Back in the day, when it came to mobile infrastructure, there were three large companies: Motorola, Ericsson and Nortel. They were collectively called M.E.N. And often, thanks to their monopolistic practices, they were essentially M.E.N behaving badly. Nevertheless, in time, two of them fell victim to changes in technologies and their own corporate actions, while market forces in the form of competition from Huawei changed the landscape forever.
However, one of them survived: Ericsson. The Swedish telecom giant has managed to transform itself by betting big on one simple trend: the demand for wireless broadband is going to be huge. In doing so, the company kept building leading edge 3G+ products, bet heavily on LTE and pushed harder into emerging telecom markets such as India and China. Today, when it comes to mobile, they are one of the two major players, Huawei being the other. (Alcatel-Lucent is also a player, but it is mostly because it gets support from carriers in its home markets of the U.S. and France.)
Thursday, Ericsson announced it’s selling off its stake in the ill-fated Sony Ericsson phone handset venture to Sony for about $1.5 billion. It’s a great move by Ericsson; the company invested close to a billion dollars over the past 11 years and still made money on the money-losing venture. I’m even more impressed it was able to get money out of the Japanese giant (even if it’s for IP that is being licensed.)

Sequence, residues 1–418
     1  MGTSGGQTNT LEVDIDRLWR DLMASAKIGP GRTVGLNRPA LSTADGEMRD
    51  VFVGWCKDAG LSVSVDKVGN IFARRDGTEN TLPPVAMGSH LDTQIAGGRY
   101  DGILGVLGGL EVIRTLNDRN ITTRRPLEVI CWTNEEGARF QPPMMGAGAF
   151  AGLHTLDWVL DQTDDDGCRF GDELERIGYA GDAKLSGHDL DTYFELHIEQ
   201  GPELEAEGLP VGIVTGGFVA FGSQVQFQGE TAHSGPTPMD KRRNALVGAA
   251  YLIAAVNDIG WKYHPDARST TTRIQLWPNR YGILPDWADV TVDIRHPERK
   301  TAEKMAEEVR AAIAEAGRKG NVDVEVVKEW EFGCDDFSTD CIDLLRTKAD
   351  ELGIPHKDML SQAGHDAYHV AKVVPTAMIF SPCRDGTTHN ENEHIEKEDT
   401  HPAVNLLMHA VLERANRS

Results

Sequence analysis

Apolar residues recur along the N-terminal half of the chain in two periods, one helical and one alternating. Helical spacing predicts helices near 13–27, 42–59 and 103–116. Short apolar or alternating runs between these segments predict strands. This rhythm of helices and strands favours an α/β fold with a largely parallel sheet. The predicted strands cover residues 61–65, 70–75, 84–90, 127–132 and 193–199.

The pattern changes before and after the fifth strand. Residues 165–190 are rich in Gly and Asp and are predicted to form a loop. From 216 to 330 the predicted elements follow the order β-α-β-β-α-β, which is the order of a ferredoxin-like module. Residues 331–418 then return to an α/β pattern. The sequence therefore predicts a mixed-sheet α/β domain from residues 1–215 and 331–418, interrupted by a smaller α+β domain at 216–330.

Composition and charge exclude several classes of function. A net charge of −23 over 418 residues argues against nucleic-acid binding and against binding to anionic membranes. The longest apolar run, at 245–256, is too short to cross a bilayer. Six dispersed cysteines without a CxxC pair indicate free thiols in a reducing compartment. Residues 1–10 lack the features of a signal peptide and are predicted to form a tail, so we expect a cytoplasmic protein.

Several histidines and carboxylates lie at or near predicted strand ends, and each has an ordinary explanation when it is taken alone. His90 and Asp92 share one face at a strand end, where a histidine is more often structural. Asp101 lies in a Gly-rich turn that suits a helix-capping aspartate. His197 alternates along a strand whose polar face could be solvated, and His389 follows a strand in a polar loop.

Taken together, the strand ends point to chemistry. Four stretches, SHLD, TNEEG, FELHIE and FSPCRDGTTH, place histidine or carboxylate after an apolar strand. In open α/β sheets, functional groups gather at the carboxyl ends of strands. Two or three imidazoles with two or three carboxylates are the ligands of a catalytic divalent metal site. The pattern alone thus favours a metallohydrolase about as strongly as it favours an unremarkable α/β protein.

Sony Side Up
The Sony Ericsson joint venture has always been a mess and hasn’t been able to realize its full potential. This unshackles Sony and allows it to leverage its brand and push more phones in places like India and parts of Latin America. It still has an immense retail presence, and with some focus it can start to compete with Samsung, HTC and Motorola. From the looks of it, this is the last chance for Sony. If Sony blows it, the company will be relegated to the status of a niche domestic Japanese handset maker.
On paper, the Sony Ericsson divorce may seem like a win-win for both companies, but Ericsson is the real winner because it will allow it to focus on its core strengths — broadband — as it competes with China’s Huawei, its biggest and scariest competitor. The next thing Ericsson needs to do is get rid of its joint venture with ST Microelectronics called ST Ericsson. And it needs to do it really fast.
In doing so, Ericsson becomes a pure play broadband company: selling wired broadband and wireless broadband hardware along with providing managed services. (See: Ericsson to manage Sprint’s network.) It’s also time for Ericsson to start thinking about the evolution of the mobile cloud and how it can build hardware for that shift. In doing so, Ericsson will remain the other viable option against Huawei, which has become the PacMan of telecom.